By Emily Boedecker
Fifty new UVM medical students descended on the LaPlatte Natural Area in Shelburne as part of their orientation week Friday, Aug. 10.
While trying to avoid the worst of the medical puns, this task force systematically diagnosed, treated, and eliminated invasive species that threaten the overall health and function of the upland and floodplain forest. By removing common buckthorn and bush honeysuckle from the understory, the Vermont Nature Conservatory can take advantage of the natural regeneration in this lush forest, giving native green ash, white pine, and spring wildflowers the edge in regaining their territory.
The LaPlatte River Marsh Natural Area in Shelburne is one of the Conservatory’s most urban preserves in a network of 55 preserves across the state. Deepwater marshes and a lakeside floodplain forest provide habitat for osprey, great blue herons, painted turtles, river otters, and other abundant wildlife. Adjacent lands owned and managed by the town, state, and Shelburne Farms showcase the natural heritage and recreational opportunities of Vermont.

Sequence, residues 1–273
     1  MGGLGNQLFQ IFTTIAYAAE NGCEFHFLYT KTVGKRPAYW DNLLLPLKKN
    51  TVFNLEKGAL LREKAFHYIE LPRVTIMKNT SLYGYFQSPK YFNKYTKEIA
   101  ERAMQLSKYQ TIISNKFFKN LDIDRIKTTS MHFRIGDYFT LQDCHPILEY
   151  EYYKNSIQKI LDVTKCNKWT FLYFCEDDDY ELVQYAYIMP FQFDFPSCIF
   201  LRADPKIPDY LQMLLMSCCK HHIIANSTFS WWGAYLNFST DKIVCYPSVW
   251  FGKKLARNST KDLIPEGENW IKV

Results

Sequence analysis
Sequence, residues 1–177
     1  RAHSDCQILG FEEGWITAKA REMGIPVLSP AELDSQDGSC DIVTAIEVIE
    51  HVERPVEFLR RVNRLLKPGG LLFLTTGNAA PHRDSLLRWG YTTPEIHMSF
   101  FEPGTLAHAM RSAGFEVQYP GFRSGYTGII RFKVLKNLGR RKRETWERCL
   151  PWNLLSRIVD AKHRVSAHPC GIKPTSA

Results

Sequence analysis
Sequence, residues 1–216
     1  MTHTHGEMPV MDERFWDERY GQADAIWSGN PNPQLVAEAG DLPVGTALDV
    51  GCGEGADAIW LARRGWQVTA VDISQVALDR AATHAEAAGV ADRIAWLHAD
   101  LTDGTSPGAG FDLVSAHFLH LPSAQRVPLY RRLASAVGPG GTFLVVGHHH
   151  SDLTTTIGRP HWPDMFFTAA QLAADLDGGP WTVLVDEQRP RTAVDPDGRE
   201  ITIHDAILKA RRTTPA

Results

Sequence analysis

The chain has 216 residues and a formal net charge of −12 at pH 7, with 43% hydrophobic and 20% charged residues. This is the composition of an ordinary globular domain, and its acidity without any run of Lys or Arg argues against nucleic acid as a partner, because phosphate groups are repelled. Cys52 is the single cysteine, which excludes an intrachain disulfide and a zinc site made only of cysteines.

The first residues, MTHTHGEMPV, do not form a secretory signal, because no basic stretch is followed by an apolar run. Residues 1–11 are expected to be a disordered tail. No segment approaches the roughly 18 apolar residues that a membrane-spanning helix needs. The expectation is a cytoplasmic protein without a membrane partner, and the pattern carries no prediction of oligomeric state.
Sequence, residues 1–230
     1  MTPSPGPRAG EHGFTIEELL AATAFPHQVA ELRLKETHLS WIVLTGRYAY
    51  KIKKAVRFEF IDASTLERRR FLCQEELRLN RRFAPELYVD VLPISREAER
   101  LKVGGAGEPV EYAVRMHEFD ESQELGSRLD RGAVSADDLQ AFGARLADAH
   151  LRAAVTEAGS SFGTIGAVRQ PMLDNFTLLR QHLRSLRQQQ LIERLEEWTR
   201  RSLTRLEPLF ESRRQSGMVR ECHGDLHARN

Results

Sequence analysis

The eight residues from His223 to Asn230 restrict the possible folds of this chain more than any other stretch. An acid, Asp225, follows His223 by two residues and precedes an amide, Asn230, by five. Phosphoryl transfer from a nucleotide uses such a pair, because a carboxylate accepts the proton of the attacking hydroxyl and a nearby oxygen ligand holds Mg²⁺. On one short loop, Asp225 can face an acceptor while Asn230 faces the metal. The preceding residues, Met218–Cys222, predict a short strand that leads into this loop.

While much of the preserve is in excellent condition, the forest section through which the Conservancy maintains a trail loop is currently home to a severe infestation of invasive plants. These plants are not native to the ecosystem and can cause significant ecological harm. Lacking the normal counterbalances to their growth which would be found in their native ecosystems, these invasive plants act like a cancer within their new ecosystems, outcompeting native plants and degrading habitat.
This year, with the aid of a multi-year grant, the Vermont Nature Conservatory is stepping up efforts to control the invasive plants in this area, restoring the natural beauty of the forest and its ecological processes.
For more information on the Vermont Nature Conservatory, its efforts to control invasive species, or to volunteer please call (800) 628-6860 or visit www.nature.org.